Family violence and parenting styles in the Caribbean Netherlands (2022 – 2024).

This project was funded by the Ministry of Health and aimed to provide a baseline assessment of violence in the family context of the Caribbean Netherlands, providing island-specific information about attitudes and practices that may inform policies that can effectively enact the principles of the Convention of the Rights of the Child and the Istanbul Convention. Conducted together with Ton Liefaard (Leiden Law School), Merel Griffith-Lendering and Tamara Salsbach (University of Curacao) and supported by Johan Kruip (UNICEF).


The parenting origins of prejudice (2017-2023):

The parenting origins of prejudice (2017-2023): a study on the role of parents in the development of interethnic prejudice in children, including White Dutch, Turkish-Dutch, and Afro-Dutch families. Funded by an NWO-Vici grant awarded to Judi Mesman. This project led to the book Opgroeien in Kleur (Mesman, 2021). PhD students Ymke de Bruijn, Daudi van Veen and Fadime Pektas. Co-supervised by Rosanneke Emmen.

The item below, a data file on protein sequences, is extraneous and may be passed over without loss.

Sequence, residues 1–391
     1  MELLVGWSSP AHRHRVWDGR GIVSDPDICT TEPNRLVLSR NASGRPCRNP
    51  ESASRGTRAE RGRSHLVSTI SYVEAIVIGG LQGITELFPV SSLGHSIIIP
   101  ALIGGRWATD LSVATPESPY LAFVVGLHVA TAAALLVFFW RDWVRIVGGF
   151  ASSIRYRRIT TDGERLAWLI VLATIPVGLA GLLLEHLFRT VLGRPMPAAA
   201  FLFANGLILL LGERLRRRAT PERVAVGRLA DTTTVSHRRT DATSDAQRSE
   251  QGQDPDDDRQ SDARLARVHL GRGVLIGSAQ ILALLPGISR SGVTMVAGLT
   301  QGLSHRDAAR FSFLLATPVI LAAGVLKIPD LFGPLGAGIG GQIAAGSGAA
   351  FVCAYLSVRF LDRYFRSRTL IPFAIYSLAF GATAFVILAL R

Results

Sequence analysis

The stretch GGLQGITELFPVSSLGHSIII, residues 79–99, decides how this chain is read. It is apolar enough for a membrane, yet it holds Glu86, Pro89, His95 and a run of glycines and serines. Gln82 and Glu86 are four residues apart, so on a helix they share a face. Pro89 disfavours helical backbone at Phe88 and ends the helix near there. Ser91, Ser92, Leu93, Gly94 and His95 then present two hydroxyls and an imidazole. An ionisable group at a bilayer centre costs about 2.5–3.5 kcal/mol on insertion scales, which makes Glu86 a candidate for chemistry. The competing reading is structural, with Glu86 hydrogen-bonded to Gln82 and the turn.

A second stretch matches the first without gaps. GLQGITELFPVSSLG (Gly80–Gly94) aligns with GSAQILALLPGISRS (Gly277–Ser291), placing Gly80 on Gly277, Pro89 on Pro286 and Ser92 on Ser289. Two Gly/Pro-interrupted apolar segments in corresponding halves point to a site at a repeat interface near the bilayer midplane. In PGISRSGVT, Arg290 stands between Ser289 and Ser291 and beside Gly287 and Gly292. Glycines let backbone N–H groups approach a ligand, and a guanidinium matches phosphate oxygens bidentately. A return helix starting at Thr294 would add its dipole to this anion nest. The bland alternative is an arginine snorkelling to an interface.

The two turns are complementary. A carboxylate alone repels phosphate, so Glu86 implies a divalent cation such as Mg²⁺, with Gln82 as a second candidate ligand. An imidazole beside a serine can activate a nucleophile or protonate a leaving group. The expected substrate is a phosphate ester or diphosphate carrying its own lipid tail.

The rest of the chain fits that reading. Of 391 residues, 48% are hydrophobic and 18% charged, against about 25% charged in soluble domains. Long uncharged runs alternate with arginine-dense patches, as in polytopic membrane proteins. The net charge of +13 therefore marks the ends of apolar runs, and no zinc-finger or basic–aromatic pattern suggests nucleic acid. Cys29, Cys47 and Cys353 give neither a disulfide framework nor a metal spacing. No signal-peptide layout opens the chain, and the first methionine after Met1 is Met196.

Risky beginnings (2014-2019): This study examined trajectories from maternal and paternal characteristics from before the birth of a child to the quality of parent-child interactions in early life in relation to child cognitive development in toddlerhood.

The study was funded by an NWO-ORA grant and carried out as a collaborative project with New York University (PI Clancy Blair) and Cambridge University (PI Claire Hughes). PhD students Mi-lan Woudstra, Marjolein Branger and Wei Li, co-supervised by Rosanneke Emmen.


SIMCUR (2009-2014): Social Integration of Migrant Children: Uncovering Family and School Factors Promoting Resilience.

The aim of the project was to uncover the processes underlying developmental resilience in children from Turkish migrant families during the transitions to primary and secondary education in three European countries: The Netherlands (co PI Rien van IJzendoorn), Norway (co-PI Britt Oppedal), and Germany (co-PI Birgit Leyendecker). The project was funded by a NORFACE grant. PhD students Rosanneke Emmen, Marielle Prevoo and Nihal Yeniad.